with narrative efficiency. That image of the piercing blue eye
tells us how much worse the situation has suddenly become. Game of Thrones’ visual effects
have gotten much bigger and more sophisticated since the show started. [To give an idea, in season six,
which was our biggest season up to that point, we had 11 shots that featured
Emilia riding the dragon. In the Loot Train we have over 80.] But even as the effects get more
and more daring and elaborate, their power comes from
adhering to the same guidelines, playing on what we know, waiting for key moments to maximize
the intensity of important scenes, and featuring an impressive amount of detail
that makes everything feel so convincing you can almost touch it. Hi guys,
this is Susannah. A lot of you ask us in the comments
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  2. IMO, the locations and sets on GoT are what put it over-the-top among the best TV ever. If you’re doing a re-watch, take a second to notice all of the beautiful establishing wide shots when they transition to another story line.

    Great addition to the Screenprism/GoT collection!

  3. I already knew this about the show, but the way this channel breaks it down is so entertaining and professional

  4. Interesting video. Although with the drop in quality of writing last season I was starting to look and actively mistrust the visuals. Especially that shot where Jon touches the dragon, it's really obvious there's no contact there

  5. I know the video is going to be good, but after seeing the "video essays are dumb" video i can't take the title serious, just cause it starts with "how".

  6. This is such a great video, I feel like there’s honestly no show that has visually stunning as Game of Thrones…great job guys! Keep it up!!!

  7. I just submitted an essay on how the GoT title sequence draws us in, and for a brief second I thought this video was on the same fopic and I was freaking out!!!

  8. Game of thrones is like a combination of William Shakespeare's Richard the third, Macbeth, mixed with the War of the Roses, and Lord of The Rings.

  9. Am I the only person that thinks the latest season of GOT stopped being “grounded” and real and more magical. If that makes sense.

  10. One of my favourite scenes in S7 was Danny first setting foot in Westeros. The acting, the music, the effects of the dragons, the approach to, as well as Dragonstone itself gave the scene both an emotional weight and grandeur to it… I personally thought it was a great way in showing fans what they've been waiting to see for seasons on end

  11. Thank you Susanna for the wonderful video , screenprism is one of my favorite channels on YouTube now. May the old gods and the new be with you all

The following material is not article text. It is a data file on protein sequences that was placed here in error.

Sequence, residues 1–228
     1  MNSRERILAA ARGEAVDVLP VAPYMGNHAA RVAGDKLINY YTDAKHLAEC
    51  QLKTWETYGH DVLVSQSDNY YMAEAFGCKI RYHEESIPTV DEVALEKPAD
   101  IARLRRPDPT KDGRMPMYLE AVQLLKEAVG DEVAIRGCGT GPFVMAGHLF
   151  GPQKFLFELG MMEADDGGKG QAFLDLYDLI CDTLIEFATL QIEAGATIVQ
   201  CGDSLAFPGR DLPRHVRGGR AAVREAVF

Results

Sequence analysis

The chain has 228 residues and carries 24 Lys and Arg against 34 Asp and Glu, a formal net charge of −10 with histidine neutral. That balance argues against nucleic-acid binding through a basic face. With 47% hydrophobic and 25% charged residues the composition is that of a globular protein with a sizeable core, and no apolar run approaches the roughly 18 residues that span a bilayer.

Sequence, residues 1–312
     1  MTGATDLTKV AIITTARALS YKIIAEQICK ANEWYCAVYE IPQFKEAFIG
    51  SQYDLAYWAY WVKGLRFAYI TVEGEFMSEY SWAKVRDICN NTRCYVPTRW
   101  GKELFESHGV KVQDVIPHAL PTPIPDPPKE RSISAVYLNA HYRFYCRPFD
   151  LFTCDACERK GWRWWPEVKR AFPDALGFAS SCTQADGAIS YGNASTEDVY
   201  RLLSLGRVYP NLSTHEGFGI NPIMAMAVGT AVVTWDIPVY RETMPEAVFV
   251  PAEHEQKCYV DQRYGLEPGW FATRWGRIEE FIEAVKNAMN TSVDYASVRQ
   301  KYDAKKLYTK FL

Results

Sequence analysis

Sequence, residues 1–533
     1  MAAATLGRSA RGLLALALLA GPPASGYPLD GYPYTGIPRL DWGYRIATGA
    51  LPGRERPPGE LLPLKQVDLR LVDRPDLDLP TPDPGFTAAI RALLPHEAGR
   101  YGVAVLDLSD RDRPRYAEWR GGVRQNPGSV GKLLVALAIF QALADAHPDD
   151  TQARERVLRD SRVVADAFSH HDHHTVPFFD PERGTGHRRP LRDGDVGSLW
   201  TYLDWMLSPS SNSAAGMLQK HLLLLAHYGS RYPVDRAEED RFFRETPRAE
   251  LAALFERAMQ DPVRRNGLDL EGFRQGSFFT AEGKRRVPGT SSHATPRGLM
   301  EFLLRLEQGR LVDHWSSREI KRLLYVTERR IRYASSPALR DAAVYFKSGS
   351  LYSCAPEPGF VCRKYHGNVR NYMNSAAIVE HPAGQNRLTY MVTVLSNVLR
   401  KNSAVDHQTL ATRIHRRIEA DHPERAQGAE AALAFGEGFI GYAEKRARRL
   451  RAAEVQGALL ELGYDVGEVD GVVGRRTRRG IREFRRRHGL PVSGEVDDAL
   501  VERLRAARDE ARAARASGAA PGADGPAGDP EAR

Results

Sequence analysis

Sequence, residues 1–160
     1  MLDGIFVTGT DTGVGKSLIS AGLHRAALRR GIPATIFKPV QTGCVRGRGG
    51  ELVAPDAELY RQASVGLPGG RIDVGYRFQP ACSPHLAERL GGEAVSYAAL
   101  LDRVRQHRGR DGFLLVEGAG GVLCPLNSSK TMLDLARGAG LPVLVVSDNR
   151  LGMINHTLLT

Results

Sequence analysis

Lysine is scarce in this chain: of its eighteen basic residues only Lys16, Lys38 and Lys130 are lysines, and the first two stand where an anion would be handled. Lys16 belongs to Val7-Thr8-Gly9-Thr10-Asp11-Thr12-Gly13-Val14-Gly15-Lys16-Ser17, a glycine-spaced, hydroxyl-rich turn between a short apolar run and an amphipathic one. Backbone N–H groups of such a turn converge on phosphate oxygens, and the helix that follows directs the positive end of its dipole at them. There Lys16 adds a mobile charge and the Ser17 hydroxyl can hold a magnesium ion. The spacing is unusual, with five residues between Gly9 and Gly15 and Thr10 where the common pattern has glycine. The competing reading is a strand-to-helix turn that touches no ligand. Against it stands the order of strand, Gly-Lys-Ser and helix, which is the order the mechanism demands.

12. Please, do a video on Avatar the Last Airbender and The Legend of Korra. (focus on ATLA). You guys are awesome in everything you do

  13. I must admit, the cinematography of GoT including the usage of cgi etc is some of the best on TV right now. However, it shouldn’t be the main criteria rating the show since HBO’s budget for it is enormous (same goes for Westworld). Just because something looks good doesn’t mean it is good. That said, I hope S08 will bring back the well crafted and well paced series we had with Seasons 1 to 3

  14. see this is why i hate people downplay Emilias acting, she ALWAYS acts in that damn green room not to mention she also had to learn 2 made up languages. shes one of the best actresses on the show, fight w your momma. i hate hipsterbros who discredit her. yes Lena is amazing but she doesnt have the difficulty of what emilia has to do. and this is emilias first gig and i think shes done a phenomenal job playing Dany

  15. I love your videos but I think it's important to point that that the VFX in Game of Thrones haven't always been great. There are some noticeable bad jobs like for eg S05-E09 when Daenerys flies on her dragon for the for the first time. Or in S07-E07 when the Night King rides Viscerion. I thought that looked really bad.

  16. Offseason thrones content…. You just know we will eat this up. Thanks

  17. Yeah, bewbs visual Lol Overrated and didn't have to be so drawn out but at least better than Walking Dead and knows when to stop…

  18. No love for GRRM? It's because of his writing that the Dragons look the way they do. He said in interview that he made sure to only give the dragons two legs because no real animal has four legs AND wings.

  19. What started a series of deconstructing characters and break classic fantasy trophies. In years later by now, we end up to following them now.

  20. has anyone suggested you doing Game of Thrones Symbolism the pattern of 3? three-eyed raven, dany's three dragons, cersei's three children, etc… and if the author has a specific fascination with this number?

  21. Honestly, beeing a Model Builder and Tabletop Guys since my Childhood days these guys are the unsung heroes of those shows for ME

  22. No wonder Emilia’s co-actors, directors, producers and staff crew think she’s one of the most hard working cast eveeeeer. I mean, vfx aside, let’s all give her credit in making us all believe she’s really interacting and riding with REAL LIFE DRAGONS and realizing that Oh yeah, they are not real and she’s just acting. She’s brilliant.